From his base in Tripoli, Libyan ruler Muammar Qaddafi is moving aggressively to repel rebels from the western part of the country, launching airstrikes on the opposition-held oil port of Ras Lanuf and retaking control of Bin Jawwad. But even as Qaddafi escalates his crackdown, reports are surfacing about the Libyan government reaching out to opposition leaders with a possible peace deal.
Former Justice Minister Mustafa Abdel Jalil, who heads the rebels' Transitional National Council in the eastern city of Benghazi tells AFP that Tripoli-based lawyers have offered to act as go-betweens, though Qaddafi has not sent an official envoy. The BBC, meanwhile, cites an opposition souce who says the the overtures were first made by Qaddafi's loyalists in Benghazi and then by a Qaddafi official from Tripoli.
What are the terms of the deal? According Al Jazeera, Qaddafi would step down as Libya's leader if he and his family were guaranteed safe passage out of the country and promised immunity from prosecution for war crimes. Qaddafi also wants United Nations assurances that he can keep his money. In past public appearances, Qaddafi has argued that he can't resign because he is merely a symbolic leader.
Libya's fragmented opposition, however, appears divided on the question of whether talks are underway. Jalil, of the Transitional National Council, has informed Al Jazeera that the opposition would not pursue Qaddafi criminally if the embattled ruler relinquishes power, halts the violence, and leaves the country within the next 72 hours. With Qaddafi in the country, Jalil says, no negotiations can occur. But a member of the February 17 Coalition, another opposition group, tells CNN that the opposition has drafted a series of counter-offers. Rebel leaders worry that the approaches are intended to drive a wedge between the opposition, and some protesters want to retain the ability to prosecute Qaddafi at a later time, the BBC explains.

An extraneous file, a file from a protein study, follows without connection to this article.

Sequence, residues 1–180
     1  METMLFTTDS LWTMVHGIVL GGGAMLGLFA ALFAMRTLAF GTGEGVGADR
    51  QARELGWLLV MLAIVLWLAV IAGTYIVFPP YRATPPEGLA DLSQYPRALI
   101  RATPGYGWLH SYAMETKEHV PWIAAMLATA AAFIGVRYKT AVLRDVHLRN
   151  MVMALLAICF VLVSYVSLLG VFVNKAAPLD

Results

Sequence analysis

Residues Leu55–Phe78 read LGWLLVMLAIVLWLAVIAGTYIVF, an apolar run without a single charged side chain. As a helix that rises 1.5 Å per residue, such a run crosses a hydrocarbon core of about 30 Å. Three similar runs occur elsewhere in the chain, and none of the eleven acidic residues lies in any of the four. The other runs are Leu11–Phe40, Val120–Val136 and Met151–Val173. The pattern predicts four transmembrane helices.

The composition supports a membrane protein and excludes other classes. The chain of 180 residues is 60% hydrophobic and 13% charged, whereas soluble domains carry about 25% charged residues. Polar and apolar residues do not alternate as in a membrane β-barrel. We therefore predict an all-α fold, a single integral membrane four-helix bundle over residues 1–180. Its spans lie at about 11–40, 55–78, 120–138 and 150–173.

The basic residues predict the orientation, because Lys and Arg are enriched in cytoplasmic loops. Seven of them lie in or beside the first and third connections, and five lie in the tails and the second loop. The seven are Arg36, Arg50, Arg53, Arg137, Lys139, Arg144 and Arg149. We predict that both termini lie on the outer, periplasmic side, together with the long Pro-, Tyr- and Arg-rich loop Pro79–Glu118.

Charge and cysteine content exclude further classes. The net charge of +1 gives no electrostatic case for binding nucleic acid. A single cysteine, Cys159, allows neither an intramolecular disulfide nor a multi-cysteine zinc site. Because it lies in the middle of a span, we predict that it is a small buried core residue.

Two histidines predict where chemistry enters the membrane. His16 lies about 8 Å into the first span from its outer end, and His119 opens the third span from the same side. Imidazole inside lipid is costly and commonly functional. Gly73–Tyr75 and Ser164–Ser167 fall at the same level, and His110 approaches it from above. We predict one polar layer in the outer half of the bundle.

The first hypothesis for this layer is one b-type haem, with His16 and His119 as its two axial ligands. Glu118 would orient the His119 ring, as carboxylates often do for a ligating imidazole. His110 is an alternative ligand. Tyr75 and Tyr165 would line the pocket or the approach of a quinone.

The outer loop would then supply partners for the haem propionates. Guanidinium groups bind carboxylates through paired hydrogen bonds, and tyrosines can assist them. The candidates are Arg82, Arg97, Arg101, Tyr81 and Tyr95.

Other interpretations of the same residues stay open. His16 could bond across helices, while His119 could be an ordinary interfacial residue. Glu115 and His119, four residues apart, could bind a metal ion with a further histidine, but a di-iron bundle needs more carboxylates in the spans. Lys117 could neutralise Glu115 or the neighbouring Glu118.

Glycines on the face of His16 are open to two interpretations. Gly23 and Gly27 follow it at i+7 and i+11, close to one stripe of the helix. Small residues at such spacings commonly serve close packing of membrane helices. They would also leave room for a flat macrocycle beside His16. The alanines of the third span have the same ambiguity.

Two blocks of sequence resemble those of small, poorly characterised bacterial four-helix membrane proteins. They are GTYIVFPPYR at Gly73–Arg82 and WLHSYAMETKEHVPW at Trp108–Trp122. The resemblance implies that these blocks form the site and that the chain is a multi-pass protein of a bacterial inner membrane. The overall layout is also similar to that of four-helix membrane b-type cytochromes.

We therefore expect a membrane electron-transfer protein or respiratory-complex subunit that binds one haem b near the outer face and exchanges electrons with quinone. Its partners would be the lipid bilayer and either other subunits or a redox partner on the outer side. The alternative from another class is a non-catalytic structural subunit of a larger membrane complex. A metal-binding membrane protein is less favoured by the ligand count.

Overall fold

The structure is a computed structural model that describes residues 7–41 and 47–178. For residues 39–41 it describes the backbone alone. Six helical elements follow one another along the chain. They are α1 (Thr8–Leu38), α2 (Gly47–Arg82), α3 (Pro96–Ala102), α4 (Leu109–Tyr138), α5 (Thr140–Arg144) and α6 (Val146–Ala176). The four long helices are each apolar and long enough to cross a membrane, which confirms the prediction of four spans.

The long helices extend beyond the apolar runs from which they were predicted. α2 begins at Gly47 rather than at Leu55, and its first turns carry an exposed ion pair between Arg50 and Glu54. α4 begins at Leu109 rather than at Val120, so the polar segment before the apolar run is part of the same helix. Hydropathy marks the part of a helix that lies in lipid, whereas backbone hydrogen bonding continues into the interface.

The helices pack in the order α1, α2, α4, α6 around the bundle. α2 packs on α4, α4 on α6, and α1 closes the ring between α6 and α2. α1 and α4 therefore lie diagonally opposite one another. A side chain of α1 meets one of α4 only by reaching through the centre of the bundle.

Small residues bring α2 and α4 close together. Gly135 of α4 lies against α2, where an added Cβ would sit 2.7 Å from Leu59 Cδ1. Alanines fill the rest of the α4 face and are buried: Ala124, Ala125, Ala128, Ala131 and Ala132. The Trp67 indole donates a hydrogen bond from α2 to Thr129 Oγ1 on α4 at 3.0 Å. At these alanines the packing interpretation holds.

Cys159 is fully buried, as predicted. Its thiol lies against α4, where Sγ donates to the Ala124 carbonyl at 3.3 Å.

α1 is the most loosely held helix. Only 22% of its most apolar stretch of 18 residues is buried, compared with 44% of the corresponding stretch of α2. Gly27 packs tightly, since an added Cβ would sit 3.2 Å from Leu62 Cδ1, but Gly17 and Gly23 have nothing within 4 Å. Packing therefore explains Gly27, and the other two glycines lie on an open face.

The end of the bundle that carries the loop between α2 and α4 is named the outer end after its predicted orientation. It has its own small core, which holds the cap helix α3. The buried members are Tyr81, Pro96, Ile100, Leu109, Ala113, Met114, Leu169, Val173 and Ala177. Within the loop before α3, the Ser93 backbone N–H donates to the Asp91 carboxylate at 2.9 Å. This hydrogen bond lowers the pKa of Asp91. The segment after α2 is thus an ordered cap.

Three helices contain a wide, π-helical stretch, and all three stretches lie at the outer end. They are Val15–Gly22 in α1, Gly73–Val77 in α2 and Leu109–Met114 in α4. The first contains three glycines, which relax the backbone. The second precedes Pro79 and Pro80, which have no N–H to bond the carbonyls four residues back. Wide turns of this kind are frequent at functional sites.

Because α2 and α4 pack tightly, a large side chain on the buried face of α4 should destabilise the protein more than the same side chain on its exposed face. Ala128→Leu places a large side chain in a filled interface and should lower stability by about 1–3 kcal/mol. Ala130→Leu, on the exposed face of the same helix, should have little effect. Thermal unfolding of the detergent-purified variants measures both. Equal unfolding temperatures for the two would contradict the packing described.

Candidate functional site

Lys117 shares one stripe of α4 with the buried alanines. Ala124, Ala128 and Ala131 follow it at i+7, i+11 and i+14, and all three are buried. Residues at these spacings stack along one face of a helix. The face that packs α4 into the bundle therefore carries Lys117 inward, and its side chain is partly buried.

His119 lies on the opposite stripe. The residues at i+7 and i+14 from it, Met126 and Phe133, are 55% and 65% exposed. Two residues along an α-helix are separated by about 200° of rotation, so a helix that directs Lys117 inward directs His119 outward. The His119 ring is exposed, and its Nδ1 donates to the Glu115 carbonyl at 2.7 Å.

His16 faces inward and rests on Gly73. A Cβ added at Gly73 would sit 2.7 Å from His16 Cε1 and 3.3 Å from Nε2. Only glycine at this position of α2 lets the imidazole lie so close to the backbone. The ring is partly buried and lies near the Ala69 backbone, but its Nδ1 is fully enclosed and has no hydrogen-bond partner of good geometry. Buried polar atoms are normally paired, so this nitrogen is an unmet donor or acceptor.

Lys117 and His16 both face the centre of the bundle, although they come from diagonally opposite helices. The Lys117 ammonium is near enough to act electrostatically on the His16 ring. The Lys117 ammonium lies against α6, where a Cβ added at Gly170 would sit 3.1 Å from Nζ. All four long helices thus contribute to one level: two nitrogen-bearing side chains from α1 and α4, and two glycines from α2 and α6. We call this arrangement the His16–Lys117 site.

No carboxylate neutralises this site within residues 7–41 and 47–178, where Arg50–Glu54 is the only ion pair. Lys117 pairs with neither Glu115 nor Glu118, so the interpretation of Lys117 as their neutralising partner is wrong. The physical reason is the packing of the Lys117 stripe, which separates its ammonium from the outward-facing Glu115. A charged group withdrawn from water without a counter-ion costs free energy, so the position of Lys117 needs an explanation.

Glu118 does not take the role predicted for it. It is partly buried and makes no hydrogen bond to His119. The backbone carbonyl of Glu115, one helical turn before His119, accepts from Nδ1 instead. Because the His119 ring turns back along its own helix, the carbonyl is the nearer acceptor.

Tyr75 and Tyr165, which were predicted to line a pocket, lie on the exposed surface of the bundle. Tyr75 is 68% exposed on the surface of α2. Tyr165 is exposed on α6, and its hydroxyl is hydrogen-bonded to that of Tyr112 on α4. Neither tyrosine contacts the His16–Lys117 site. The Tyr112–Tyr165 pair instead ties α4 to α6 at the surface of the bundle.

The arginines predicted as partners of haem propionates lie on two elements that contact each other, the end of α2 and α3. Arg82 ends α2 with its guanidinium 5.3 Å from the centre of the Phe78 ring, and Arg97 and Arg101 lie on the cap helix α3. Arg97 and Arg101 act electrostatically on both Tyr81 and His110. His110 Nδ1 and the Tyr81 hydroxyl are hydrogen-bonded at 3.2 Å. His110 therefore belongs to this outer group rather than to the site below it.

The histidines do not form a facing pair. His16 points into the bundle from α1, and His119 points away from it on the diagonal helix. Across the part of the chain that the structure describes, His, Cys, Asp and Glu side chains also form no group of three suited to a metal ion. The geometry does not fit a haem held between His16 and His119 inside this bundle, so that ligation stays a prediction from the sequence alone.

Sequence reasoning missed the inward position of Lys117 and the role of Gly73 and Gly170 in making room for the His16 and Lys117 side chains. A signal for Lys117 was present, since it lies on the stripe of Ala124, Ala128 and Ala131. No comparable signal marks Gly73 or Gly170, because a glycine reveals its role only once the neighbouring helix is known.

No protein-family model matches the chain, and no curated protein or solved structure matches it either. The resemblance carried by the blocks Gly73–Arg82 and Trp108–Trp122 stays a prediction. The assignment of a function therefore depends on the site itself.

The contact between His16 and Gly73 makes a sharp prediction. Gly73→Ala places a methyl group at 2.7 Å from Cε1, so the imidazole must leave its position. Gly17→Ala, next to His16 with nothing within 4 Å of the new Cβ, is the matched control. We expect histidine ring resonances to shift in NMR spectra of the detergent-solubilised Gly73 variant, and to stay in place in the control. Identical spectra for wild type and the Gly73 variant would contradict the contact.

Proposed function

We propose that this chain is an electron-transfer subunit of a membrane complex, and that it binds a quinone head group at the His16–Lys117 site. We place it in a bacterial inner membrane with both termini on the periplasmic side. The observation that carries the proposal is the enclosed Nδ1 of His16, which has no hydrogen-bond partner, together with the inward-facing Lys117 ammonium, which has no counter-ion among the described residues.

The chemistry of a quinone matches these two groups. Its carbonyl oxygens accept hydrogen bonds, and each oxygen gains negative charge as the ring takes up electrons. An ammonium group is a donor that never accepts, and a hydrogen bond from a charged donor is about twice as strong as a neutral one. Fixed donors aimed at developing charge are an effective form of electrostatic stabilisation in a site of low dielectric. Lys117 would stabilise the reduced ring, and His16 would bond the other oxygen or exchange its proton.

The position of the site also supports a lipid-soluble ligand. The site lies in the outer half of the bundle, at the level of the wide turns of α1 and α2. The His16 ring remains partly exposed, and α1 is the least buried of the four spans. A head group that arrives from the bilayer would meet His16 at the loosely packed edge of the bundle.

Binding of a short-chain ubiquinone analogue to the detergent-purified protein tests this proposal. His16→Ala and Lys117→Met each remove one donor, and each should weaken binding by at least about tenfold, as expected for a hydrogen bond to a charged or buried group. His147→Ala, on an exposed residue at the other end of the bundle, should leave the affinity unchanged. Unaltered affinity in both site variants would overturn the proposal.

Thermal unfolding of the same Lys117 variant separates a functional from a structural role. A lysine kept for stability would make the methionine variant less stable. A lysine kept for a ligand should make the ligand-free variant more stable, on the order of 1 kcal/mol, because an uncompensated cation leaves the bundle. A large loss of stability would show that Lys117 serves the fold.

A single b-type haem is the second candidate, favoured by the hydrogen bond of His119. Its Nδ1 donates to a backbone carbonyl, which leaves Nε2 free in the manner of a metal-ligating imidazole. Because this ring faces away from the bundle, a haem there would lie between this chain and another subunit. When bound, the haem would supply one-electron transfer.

The Libyan government is also sending mixed signals about negotiations. A Libyan foreign ministry official characterized reports that Qaddafi was willing to step down as "absolute nonsense," according to Reuters. And given Qaddafi's recent military advances, the BBC observes, "it is difficult to see how the Qaddafi regime would be in any mood to compromise or talk about succession." But Al Jazeera points out that a prominent government official appeared on state television on Monday and appealed to rebel leaders for "national dialogue to resolve this crisis" before foreigners have the chance "to come and capture our country again."
This article is from the archive of our partner The Wire.
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